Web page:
I think you’re going to do amazing things. You’re a really good example of “Start where you are. Use what you have.” I think that’s super inspiring and encouraging. I think it’s cool that you have this background and history in skating and that it’s always been intertwined in your music. You’re just doing what you can, and you’re putting it out there, and people are reacting to it, too, because it’s pretty fearless. I’m really excited to see where your music goes.

It’s been a fun learning process. One of the things I didn’t share with you was the catalyst. I mentioned I’ve been skating on and off since I was little, but there was—when I was making music—a 10-year break that I didn’t skate. I was over it. I got back into it later in life. Then about three years ago, I destroyed my ankle skating. I’m talking trimalleolar ankle fracture dislocation. My ankle went the other direction. It was a gnarly surgery, and [it] rocked my world.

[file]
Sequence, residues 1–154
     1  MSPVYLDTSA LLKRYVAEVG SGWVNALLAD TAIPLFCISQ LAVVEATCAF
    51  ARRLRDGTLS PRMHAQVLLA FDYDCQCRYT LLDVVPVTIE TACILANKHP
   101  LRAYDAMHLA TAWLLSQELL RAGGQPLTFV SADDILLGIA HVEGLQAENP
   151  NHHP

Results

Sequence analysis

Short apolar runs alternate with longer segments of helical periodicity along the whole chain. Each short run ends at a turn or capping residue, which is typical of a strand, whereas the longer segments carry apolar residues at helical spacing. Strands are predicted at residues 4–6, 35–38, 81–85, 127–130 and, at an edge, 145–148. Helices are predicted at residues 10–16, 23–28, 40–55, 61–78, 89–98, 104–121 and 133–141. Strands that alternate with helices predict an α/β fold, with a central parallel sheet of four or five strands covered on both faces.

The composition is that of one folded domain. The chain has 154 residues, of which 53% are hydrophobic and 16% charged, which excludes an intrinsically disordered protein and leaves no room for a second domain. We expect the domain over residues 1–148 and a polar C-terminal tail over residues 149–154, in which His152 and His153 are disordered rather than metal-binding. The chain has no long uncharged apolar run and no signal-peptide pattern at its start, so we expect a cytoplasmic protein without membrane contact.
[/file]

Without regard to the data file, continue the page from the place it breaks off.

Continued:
That’s the moment that I actually started to pursue Angel T33th. That was what inspired [it] because I was at home all day. To get past such a severe injury mentally, you really need to focus and channel that energy into something positive. So that’s what I did. Making music is what helped me get through that injury. It took me two years to start skating again, [but three years later], to be able to full-circle come back skating strong, slowly progressing, and then now having my music that I feel is a true version of where I’m going with my sound. It couldn’t have been more of a worse-best-case scenario.

This interview appeared in issue 398, available here.